What do you work with? And how does the prototype change in the production phase?
I still use the tools I was using 20 years ago: shears for cutting, a saw and a grindstone, nothing else. I take the piece of wood, cut and chisel it like Mauro Corona does in the woods of Friuli. Then of course you industrialise. But the first piece has to be carved by hand. You have to experiment and work on it. Industrialising a prototype means transforming the piece into something that everybody can do. It means understanding above all what materials can be used: fabrics, leathers and seals in the case of iron.
Are there some young people? Is it difficult to find people to do craftwork?
Not many are young. Young people use their computers to do their calculations. I work on the piece. I sit down, look to see if it's done well or badly, scratch it, file it and turn it around and say, "Done!" With the computer it's very difficult. An exception was Tokujin who didn't put a foot wrong. He did the final piece, an armchair, straight off. Sitting-room furniture is a bit trickier, because you have to sit on it. It has to be done so it's right and comfortable. It's something that has to please the eye and yourself, and then you have to feel comfortable. Then you've got computerised machinery that turns out moulds, maybe be five or six, at a million each… In any case, prototypes cost less to make nowadays. But they have to be right. Machines can do it, but you have to know how to use them and be familiar with them. When I work, I've already got a clear idea how the prototype has to be made. After a night, or a morning, I put it into the computer inside my head, get to the workshop and do it there. I don't invent it on the spot; I have to have it in my head first.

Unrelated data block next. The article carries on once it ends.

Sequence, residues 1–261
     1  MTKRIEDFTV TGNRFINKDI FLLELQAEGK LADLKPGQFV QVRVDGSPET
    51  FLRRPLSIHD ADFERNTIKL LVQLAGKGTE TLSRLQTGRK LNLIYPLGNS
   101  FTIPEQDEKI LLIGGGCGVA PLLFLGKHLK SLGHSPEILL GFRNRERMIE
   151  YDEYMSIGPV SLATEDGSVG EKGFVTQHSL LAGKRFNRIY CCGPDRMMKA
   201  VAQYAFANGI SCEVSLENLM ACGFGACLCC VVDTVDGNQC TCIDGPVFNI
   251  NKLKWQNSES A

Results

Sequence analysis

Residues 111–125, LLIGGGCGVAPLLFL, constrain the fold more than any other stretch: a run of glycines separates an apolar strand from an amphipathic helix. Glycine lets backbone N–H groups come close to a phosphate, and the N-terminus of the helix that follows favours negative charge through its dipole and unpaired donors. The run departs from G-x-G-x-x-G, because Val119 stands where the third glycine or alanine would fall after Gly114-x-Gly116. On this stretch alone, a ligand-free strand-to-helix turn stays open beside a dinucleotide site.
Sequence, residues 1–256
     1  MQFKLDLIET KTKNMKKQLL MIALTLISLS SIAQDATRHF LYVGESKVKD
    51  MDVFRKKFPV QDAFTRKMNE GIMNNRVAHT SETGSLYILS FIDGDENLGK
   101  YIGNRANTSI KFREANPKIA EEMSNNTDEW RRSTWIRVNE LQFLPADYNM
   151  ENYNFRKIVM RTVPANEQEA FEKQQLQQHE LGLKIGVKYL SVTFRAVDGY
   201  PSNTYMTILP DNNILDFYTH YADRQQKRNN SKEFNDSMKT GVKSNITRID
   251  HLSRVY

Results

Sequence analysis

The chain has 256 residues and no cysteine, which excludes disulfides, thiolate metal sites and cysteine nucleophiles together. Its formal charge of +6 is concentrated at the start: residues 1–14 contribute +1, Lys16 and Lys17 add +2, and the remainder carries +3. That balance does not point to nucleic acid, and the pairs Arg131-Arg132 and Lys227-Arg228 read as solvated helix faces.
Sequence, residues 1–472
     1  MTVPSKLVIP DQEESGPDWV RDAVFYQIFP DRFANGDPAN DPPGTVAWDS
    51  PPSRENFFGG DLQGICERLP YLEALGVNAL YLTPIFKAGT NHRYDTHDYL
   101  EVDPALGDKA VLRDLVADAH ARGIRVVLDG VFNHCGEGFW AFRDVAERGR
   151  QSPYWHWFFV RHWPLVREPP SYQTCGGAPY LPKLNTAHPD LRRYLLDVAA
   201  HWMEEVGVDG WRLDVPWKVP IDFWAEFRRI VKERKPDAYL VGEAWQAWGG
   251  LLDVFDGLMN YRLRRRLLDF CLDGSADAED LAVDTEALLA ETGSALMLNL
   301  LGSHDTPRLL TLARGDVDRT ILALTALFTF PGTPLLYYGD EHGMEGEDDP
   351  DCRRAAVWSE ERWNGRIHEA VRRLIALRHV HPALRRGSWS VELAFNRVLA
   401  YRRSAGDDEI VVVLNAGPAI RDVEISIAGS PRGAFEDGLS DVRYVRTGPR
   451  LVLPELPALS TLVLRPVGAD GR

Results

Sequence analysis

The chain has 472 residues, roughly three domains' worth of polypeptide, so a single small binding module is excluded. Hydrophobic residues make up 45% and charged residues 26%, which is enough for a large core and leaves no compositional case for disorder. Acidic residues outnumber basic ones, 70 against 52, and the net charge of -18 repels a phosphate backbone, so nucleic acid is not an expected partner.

Haven't you ever thought of doing things yourself? What is your dream furniture?
Yes, I do have ideas. There is still something to be invented. Like coming home and sitting on a lawn, for example. When you go into a wood for a picnic and look for somewhere to sit, you look for a hollow, or something flat, or a boulder to rest your head on. Life at home is different today. You eat on a chair or maybe even on the sofa, watching TV, and you have to sit where you feel comfortable, where you can even lie down. We should make a sofa where you can put your computer, your beer or your coffee. I made a prototype with Massimo Iosa Ghini. It was a beauty, but it stopped there. It was too far ahead for certain people, perhaps even for the market, because not everybody sees things like me. I see ahead. The world changes and we need to move with it. But going back to square sitting-room furniture feels like returning to prehistory. In Friuli there were manufacturers of sitting-room and kitchen furnishings and chairs. There were furniture factories like Patriarca, Cumini, Snaidero, Fantoni and Burelli, which worked with the architect Panelli from Udine. I really liked him as he was clever. He started Danda, the first natural wood kitchen doors. People like D'Olivo and Valle are gone. They left their mark on the architectural world. People said they were nuts. But the world is built by crazy people, otherwise it doesn't go forward. It's wonderful being with them.